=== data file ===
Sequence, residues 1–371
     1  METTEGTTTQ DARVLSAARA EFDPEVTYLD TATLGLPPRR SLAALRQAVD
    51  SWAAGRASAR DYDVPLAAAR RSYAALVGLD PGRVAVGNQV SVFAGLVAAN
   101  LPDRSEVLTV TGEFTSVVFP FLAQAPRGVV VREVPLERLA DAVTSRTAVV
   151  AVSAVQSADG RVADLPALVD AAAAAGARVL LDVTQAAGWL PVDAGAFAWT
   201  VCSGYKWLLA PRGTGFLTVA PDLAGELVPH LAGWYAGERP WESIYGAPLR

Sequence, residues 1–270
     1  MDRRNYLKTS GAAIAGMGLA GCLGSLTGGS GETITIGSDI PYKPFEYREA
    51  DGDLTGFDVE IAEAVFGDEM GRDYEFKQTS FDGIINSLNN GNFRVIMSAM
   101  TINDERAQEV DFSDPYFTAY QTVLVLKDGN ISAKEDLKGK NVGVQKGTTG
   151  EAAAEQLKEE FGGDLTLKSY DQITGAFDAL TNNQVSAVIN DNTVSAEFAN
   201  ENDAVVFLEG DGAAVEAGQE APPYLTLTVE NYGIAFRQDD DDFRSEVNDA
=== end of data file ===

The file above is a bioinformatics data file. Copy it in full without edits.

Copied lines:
Sequence, residues 1–371
     1  METTEGTTTQ DARVLSAARA EFDPEVTYLD TATLGLPPRR SLAALRQAVD
    51  SWAAGRASAR DYDVPLAAAR RSYAALVGLD PGRVAVGNQV SVFAGLVAAN
   101  LPDRSEVLTV TGEFTSVVFP FLAQAPRGVV VREVPLERLA DAVTSRTAVV
   151  AVSAVQSADG RVADLPALVD AAAAAGARVL LDVTQAAGWL PVDAGAFAWT
   201  VCSGYKWLLA PRGTGFLTVA PDLAGELVPH LAGWYAGERP WESIYGAPLR

Sequence, residues 1–270
     1  MDRRNYLKTS GAAIAGMGLA GCLGSLTGGS GETITIGSDI PYKPFEYREA
    51  DGDLTGFDVE IAEAVFGDEM GRDYEFKQTS FDGIINSLNN GNFRVIMSAM
   101  TINDERAQEV DFSDPYFTAY QTVLVLKDGN ISAKEDLKGK NVGVQKGTTG
   151  EAAAEQLKEE FGGDLTLKSY DQITGAFDAL TNNQVSAVIN DNTVSAEFAN
   201  ENDAVVFLEG DGAAVEAGQE APPYLTLTVE NYGIAFRQDD DDFRSEVNDA